A European example of challenges in determining the appropriate discount rate for purposes of the impairment calculation
Here’s another of the issues arising from extracts of enforcement decisions issued in the past by the European Securities and Markets Authority (ESMA) (for more background see here); this is from their 13th edition:
- “The issuer operates in the renewable energy sector and manufactures and sells solar panels. It was in the process of listing on a regulated market. The prospectus under review included IFRS financial information for the years 2009, 2008 and 2007.
- In 2007, the issuer recorded 171 million euro of goodwill as a consequence of the acquisition of the solar panels´ manufacturing business from another entity. This was the only intangible asset with indefinite useful life recognised in the statement of financial position.
- More than 99% of the goodwill was allocated to the manufacturing of solar panels CGU. In its impairment test, the recoverable amount of the CGU was determined by calculating value in use based on pre-tax cash flows over a six year period…
- In determining the discount rate, the issuer calculated the cost of debt as the average of the interest rates on its outstanding borrowings, but excluded a long-term subordinated loan from the calculation.
- The issuer disclosed that no goodwill impairment losses had been recognized. The budgeted gross margins that were disclosed considered the expected market development. The growth rates were consistent with those forecasted in the industry sector and the discount rates were determined before tax and reflected specific risks related to the relevant segments. The issuer disclosed that an increase of 0.5 percentage points in the discount rate would not lead to recognition of goodwill impairment. Nonetheless, the decrease in the disclosed discount rate from 2008 to 2009 was larger than the 0.5 percentage points scenario included in the sensitivity analysis in the 2009 financial statements.”
The enforcer (as ESMA likes to term it), concluded that the issuer didn’t comply with IAS 36, requiring it to review the impairment calculations, to record the resulting goodwill impairment and to provide additional disclosures in its financial statements. There were several aspects to this, one of them being that the cash flow estimates used in these calculations simply didn’t agree with the issuer’s own financial budgets. Perhaps the following aspect is the more interesting one though:
“IAS 36 paragraphs 55 – 57 require the discount rate to be a pre-tax rate that reflects current market assessments of the time value of money and the risks specific to the asset for which the future cash flow estimates have not been adjusted. In particular, the enforcer noted that IAS 36 paragraph A19 requires the discount rate to be independent of the entity’s capital structure and the way the entity financed the purchase of the asset.
The enforcer did not agree with the cost of debt used by the issuer in the post-tax weighted average cost of capital (WACC) calculation, since the credit risk spread applied did not reflect current market assessments of the time value of money and the risks specific to the asset. The enforcer requested the entity to recalculate its debt rate, considering as a starting point (IAS 36 paragraphs A17 – A19) all new loans entered into by the issuer in 2009 that reflect the current market assessment of credit risk, as well as the long term subordinated loan that was originally excluded from the calculation.”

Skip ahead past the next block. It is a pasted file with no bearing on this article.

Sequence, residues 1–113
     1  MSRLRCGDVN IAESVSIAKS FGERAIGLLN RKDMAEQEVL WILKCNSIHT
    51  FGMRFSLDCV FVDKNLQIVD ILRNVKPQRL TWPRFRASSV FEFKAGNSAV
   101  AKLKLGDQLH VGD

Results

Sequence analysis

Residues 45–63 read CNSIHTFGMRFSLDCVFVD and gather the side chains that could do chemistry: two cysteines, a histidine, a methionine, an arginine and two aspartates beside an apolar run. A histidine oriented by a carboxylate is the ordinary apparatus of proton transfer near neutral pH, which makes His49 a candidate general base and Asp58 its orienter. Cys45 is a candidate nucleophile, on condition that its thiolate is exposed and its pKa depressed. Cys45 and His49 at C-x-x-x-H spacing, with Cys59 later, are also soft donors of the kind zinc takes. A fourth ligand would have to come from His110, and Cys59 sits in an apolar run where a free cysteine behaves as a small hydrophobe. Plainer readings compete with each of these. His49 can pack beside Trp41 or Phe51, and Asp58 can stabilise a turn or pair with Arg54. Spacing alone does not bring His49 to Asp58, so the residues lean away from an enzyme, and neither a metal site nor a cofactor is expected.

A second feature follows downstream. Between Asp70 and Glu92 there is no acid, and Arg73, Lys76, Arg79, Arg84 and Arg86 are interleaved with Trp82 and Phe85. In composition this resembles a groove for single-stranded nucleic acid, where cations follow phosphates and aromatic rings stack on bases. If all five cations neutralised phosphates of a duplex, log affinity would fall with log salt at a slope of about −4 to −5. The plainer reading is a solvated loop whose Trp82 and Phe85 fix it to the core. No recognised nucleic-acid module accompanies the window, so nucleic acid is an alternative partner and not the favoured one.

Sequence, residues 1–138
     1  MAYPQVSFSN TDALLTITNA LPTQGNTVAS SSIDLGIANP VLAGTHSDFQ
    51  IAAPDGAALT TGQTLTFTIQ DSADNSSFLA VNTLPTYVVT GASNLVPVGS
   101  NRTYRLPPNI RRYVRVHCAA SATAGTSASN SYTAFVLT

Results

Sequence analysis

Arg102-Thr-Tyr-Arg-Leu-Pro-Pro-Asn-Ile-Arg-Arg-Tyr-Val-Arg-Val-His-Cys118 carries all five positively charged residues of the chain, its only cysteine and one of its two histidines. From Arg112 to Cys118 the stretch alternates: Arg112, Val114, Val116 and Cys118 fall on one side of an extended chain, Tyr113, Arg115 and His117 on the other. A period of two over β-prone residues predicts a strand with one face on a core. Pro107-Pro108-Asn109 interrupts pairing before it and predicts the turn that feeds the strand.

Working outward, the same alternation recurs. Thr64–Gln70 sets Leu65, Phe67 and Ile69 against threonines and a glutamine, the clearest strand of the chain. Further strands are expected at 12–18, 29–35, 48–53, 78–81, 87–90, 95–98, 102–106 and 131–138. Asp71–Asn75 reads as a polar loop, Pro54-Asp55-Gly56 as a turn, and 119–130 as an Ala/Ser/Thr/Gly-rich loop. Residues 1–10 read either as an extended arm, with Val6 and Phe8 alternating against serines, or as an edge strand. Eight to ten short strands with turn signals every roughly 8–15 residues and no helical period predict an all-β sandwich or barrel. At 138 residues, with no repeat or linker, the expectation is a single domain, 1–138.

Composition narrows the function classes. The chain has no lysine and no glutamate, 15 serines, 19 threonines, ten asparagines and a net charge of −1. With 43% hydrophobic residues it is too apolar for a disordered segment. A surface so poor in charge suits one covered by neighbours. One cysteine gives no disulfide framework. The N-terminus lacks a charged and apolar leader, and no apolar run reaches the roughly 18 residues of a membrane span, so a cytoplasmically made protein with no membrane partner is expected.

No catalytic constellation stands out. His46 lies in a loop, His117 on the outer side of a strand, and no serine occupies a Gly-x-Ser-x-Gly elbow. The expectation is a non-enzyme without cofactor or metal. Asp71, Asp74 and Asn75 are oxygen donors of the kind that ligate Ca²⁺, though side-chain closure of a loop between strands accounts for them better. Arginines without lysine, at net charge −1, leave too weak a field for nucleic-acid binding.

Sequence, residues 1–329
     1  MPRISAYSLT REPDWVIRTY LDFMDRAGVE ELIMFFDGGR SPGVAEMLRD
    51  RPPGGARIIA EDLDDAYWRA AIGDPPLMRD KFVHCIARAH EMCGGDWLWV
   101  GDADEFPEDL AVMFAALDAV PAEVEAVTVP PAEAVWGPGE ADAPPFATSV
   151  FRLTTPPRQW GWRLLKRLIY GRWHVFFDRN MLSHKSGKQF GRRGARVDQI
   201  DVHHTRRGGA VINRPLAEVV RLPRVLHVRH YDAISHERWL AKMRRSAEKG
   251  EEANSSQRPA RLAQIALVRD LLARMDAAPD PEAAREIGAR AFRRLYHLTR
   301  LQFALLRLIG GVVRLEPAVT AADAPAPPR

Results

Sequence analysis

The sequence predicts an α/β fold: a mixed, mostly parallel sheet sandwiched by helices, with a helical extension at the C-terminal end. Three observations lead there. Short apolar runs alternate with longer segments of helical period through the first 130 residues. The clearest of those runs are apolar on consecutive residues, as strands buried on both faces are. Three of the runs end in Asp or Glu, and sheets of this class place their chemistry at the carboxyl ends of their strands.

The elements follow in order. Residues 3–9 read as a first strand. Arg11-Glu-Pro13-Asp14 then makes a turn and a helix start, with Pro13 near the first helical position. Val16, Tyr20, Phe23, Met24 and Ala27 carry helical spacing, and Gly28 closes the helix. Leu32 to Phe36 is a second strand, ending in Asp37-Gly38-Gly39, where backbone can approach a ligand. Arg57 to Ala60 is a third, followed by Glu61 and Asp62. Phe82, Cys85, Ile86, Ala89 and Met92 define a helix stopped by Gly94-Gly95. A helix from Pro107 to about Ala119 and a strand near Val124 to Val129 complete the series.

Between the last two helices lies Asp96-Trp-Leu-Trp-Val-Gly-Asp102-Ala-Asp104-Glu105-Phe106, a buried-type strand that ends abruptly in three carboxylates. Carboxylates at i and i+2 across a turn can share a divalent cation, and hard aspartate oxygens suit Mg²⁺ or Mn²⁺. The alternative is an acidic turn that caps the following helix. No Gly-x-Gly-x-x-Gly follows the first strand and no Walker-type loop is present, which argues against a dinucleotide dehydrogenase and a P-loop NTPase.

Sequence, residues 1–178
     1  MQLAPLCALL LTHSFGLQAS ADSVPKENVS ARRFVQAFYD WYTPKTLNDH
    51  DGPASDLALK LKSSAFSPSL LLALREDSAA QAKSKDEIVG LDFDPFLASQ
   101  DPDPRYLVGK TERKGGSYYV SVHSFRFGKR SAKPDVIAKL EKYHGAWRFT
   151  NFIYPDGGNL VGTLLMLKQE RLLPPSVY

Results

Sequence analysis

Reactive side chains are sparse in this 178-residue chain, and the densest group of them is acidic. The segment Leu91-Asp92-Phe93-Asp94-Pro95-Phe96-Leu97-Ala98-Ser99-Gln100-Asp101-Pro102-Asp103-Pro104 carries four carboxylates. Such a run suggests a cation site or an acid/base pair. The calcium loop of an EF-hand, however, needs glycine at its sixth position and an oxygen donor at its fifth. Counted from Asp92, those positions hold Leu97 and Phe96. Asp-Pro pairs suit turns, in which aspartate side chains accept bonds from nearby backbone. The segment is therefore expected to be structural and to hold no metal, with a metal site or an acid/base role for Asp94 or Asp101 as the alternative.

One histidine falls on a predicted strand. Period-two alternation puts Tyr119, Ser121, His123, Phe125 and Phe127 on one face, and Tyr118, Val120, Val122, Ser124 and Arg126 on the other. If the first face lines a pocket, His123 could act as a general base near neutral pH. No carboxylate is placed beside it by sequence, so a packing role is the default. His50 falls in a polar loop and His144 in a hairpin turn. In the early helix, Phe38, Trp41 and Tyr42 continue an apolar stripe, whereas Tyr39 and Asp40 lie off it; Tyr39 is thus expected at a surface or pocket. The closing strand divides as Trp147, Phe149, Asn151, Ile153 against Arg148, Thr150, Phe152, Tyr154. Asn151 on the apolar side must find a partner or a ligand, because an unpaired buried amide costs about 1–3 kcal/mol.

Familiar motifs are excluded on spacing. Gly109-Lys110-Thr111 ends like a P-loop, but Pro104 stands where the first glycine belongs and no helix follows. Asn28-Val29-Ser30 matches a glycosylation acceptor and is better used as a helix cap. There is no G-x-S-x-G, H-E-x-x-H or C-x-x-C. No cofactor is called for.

Just a starting point
Unfortunately, the summary of the issue is too general to allow engaging with it in much depth. Even so, it seems to encapsulate the considerable difficulties of putting the theory of IAS 36 into practice. Although the summary cites the requirement to determine a discount rate that’s independent of the entity’s own capital structure, it then immediately goes on to impose what seems like a highly artificial approach to the issue, heavily driven by the specific components of that very capital structure. That is, the interest rate attaching to the new loans entered into during 2009 might be driven higher by (say) the entity’s strained financial circumstances at that time, reducing their relevance as an asset-specific measure; the long-term subordinated loan might have been negotiated under different circumstances altogether (for example, under the influence of a related party relationship), rendering it even less relevant to making that assessment. Of course, ESMA is careful to say that it only required referring to these matters “as a starting point” rather than as the entirety of the calculation. But as it only describes the starting point and not where the assessment went from there, it’s hard to get much out of the anecdote.
Likewise, the example doesn’t dwell on the use of a WACC approach to determining the discount rate, but this can be problematic. Some of the recurring issues don’t seem to apply here: as the entity seems to have been only in a single line of business, it’s apparently not necessary to consider whether the entity-wide WACC might reflect an averaging of different kinds of operations with different attached risks. But as above, it might certainly reflect entity-specific aspects of risk and structure that don’t apply to the individual assets. Overall, it’s very easy to succinctly describe why a particular impairment calculation was wrong; it’s much harder though to explain the elements of a good one.
The opinions expressed are solely those of the author